The silencer the silencer the silencer… oh, and the silencer. Talking heads are running hard on the National Firearms Act controlled items.
Silencers or suppressors are devices added to the muzzle of a firearm to reduce the extremely loud gas discharge of a gunshot by about 25-30 decibels. That is approximately the same noise reduction you get from putting in properly rated earplugs. The term is legally and practically interchangeable, either word means the same device.
AP News opened their analysis with this however…
It’s the nightmare scenario that gun-control advocates have warned about amid efforts in recent years to ease restrictions on the devices, which they say can help shooters escape detection and inflict more carnage.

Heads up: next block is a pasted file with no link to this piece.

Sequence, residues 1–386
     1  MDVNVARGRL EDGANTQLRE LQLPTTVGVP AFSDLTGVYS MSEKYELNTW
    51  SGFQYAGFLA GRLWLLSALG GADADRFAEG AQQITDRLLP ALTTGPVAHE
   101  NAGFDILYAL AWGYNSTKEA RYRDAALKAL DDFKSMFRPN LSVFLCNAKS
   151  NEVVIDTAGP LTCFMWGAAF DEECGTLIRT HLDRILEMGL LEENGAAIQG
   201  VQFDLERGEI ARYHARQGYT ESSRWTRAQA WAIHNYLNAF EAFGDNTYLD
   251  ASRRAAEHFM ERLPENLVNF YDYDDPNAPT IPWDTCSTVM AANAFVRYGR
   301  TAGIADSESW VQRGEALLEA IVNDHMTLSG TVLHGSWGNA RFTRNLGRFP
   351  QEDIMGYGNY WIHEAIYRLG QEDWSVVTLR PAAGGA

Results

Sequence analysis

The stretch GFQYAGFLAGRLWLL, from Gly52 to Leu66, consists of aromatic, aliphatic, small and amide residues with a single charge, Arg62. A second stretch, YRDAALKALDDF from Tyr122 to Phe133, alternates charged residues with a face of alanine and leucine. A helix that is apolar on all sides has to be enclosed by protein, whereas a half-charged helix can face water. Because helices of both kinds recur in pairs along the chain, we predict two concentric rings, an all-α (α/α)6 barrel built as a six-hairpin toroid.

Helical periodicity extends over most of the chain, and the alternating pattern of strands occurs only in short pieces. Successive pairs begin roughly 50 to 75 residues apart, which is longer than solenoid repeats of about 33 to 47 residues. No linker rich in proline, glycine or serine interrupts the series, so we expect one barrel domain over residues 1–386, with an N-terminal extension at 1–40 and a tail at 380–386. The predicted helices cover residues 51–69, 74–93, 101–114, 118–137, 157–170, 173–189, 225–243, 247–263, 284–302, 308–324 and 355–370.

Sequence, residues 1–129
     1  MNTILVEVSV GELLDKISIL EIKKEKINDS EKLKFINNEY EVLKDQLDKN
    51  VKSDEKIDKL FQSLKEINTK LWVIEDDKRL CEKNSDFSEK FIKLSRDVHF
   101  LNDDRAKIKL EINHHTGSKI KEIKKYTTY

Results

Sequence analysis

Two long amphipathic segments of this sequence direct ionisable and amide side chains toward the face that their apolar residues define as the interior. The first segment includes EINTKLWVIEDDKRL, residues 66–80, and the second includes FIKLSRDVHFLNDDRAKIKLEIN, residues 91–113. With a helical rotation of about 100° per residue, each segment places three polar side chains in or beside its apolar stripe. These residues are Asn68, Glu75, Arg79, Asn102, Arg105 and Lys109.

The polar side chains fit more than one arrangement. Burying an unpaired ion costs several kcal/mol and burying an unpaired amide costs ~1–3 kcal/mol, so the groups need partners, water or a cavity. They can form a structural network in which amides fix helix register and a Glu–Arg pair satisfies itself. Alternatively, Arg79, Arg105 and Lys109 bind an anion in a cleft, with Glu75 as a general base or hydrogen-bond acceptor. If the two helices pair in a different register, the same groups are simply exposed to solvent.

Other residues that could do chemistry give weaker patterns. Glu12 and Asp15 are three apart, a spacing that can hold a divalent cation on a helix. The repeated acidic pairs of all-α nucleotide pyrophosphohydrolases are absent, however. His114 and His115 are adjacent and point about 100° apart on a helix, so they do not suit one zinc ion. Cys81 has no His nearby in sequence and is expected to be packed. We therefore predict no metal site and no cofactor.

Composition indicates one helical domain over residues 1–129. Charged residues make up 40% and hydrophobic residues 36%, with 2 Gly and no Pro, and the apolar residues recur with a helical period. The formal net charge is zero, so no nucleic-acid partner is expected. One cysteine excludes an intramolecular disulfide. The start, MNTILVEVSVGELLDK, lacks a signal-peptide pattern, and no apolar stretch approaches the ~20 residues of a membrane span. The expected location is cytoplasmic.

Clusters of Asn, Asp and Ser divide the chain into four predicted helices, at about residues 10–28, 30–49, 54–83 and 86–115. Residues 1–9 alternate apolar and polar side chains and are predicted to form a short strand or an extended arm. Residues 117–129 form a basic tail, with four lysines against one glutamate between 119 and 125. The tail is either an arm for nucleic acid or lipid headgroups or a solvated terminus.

“Nightmare scenario, escape detection, more carnage” all credited to the use of a suppressor. Yet Craddock (the shooter) didn’t escape detection at all, he died in a gunfight with the police. An attack on the workplace fits the ‘nightmare scenario’ descriptor entirely independently of the suppressor. The suppressor didn’t enable the deaths of 12 people, his actions with his access did.
What do we know?
Not as much as we would like. Confirmation on whether he owned the suppressor for his .45 legally under the NFA hasn’t been confirmed however the firearms were (as last reported) legally acquired. If the NFA paperwork were done there is no reason the suppressor wouldn’t be legal either.
We know Craddock was a public works engineer in good employment standing. That he tendered resignation with a 2 week notice earlier that same day for “personal reasons” and then attacked his place of employment killing 12 and wounding 4. He was very familiar with the building, the people there, and there was no known reason to bar Craddock from the premises as he was still employed.